Amid criticism of inequitable access to Maryland’s limited supply of COVID-19 vaccines, the state’s mass vaccination clinic at the Baltimore Convention Center will prioritize people from underserved areas of the city, officials announced Monday.
Officials announced they will “seek to fill as many appointments as possible” with people from some of Baltimore’s most disadvantaged neighborhoods to improve a striking racial disparity in vaccinations and the city’s ranking as third from last in the state in the number of residents vaccinated.
But the University of Maryland Medical System and Gov. Larry Hogan, who outraged Baltimore leaders last week by saying the city had received more vaccine than it was “entitled to,” stopped short of promising to reserve a certain number of appointments for city residents. Hogan, a Republican, made the remarks as he toured the city’s second mass vaccination site, at M&T Bank Stadium, which has already expanded appointment availability and eventually could offer 10,000 doses per day, once supply is available.
Over the next several weeks, the convention center site will prioritize appointments for those in six Baltimore City ZIP codes with high rates of poverty, unemployment and COVID-19 cases; undertake “aggressive community engagement” and refine “technology tools” to reach at-risk people; and “increase public efforts” to encourage people to get vaccinated, officials said.
The targeted ZIP codes are 21215, 21216, 21217, 21213, 21218 and 21205.
“This pilot is a demonstration of the commitment to get the equity equation right — the state, our local partners, and the community finding the answer together,” said Maryland National Guard Brigadier Gen. Janeen Birckhead, head of the state’s equity task force, in the announcement. “It’s one more step in the right direction to ensure equitable distribution of the vaccine. We must do all we can to make the vaccine available in our most vulnerable communities.”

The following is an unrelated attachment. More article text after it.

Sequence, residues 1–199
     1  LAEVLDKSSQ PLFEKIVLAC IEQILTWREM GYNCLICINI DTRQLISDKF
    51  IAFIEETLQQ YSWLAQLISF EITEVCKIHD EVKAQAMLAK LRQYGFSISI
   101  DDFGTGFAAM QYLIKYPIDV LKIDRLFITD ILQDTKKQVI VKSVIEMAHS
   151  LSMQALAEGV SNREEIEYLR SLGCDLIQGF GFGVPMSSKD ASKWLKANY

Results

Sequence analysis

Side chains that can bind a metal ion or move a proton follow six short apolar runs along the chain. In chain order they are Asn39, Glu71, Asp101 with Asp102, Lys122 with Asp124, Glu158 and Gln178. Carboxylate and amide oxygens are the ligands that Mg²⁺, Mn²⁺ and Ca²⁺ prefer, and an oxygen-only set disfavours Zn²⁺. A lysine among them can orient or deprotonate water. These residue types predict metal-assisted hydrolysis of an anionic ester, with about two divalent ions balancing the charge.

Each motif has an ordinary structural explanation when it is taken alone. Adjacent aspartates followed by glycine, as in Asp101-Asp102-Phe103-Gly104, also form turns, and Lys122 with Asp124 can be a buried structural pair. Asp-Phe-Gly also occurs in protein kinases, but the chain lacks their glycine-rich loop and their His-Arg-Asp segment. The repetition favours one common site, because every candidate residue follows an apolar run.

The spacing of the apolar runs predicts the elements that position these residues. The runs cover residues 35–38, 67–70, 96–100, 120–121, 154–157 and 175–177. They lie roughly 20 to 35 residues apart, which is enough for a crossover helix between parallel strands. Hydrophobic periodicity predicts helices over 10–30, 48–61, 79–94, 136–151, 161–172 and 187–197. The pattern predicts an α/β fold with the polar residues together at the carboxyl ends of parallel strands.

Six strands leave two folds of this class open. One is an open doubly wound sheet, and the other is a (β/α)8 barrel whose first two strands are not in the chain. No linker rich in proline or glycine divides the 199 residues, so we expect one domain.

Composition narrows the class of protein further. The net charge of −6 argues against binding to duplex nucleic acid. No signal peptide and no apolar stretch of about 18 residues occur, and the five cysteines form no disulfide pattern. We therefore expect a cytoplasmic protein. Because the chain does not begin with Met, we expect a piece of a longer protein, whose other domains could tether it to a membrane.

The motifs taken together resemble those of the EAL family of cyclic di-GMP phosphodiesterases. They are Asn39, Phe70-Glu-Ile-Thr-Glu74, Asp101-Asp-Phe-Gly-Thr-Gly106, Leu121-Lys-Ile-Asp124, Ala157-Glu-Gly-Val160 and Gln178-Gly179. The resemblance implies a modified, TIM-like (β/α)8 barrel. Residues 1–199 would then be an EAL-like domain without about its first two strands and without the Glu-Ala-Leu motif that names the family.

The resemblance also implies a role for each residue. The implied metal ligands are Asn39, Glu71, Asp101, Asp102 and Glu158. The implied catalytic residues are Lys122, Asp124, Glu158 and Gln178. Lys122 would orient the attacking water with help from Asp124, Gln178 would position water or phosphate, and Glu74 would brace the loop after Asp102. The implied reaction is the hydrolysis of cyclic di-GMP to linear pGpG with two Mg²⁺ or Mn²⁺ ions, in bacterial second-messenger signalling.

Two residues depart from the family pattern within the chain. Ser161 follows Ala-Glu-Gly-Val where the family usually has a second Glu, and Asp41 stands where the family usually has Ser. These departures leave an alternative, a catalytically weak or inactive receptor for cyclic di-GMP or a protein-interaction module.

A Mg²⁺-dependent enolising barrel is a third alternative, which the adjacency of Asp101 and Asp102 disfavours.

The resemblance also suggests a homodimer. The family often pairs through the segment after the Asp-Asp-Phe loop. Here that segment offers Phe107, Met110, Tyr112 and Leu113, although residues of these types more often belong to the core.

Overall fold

About 43% of those who have been vaccinated at the convention center, which serves anyone eligible in the state, have been Baltimore residents, said Michael Schwartzberg, a spokesman for the university medical system. He declined to say whether a portion of the site’s future doses would be set aside for city residents — or by when.
“At this time, our goal is to fill as many appointments as possible,” Schwartzberg said in an email. “Once we establish a baseline over the next few weeks, we’ll be better positioned to set medium and long term targets. ... As schedules open, individuals in these communities that are/have registered for vaccination will receive first priority.”
The announcement came after The Baltimore Sun reported that white Marylanders have received more than four times as many doses of coronavirus vaccine as Black residents, a gap that has not closed as more doses have arrived in the state and more people have become eligible for them.
Most doses administered in Baltimore City have gone to people living in other jurisdictions, according to Maryland Department of Health data provided by Mayor Brandon Scott’s office.
Only 38.5% of the 114,712 first dose vaccinations given in the city between Dec. 15, 2020, and Feb. 25, 2021, went to Baltimore City residents, the data shows.
In that time period, 31.6% of the city’s first dose vaccinations went to Baltimore County residents, many of whom work in the city. The remaining 34,280 first dose vaccinations went to residents of Howard, Anne Arundel, Harford and Montgomery counties, in addition to out-of-state residents.
The geographic spread of the city’s doses likely reflects that many of the health care workers and first responders prioritized first for vaccination don’t live in the city.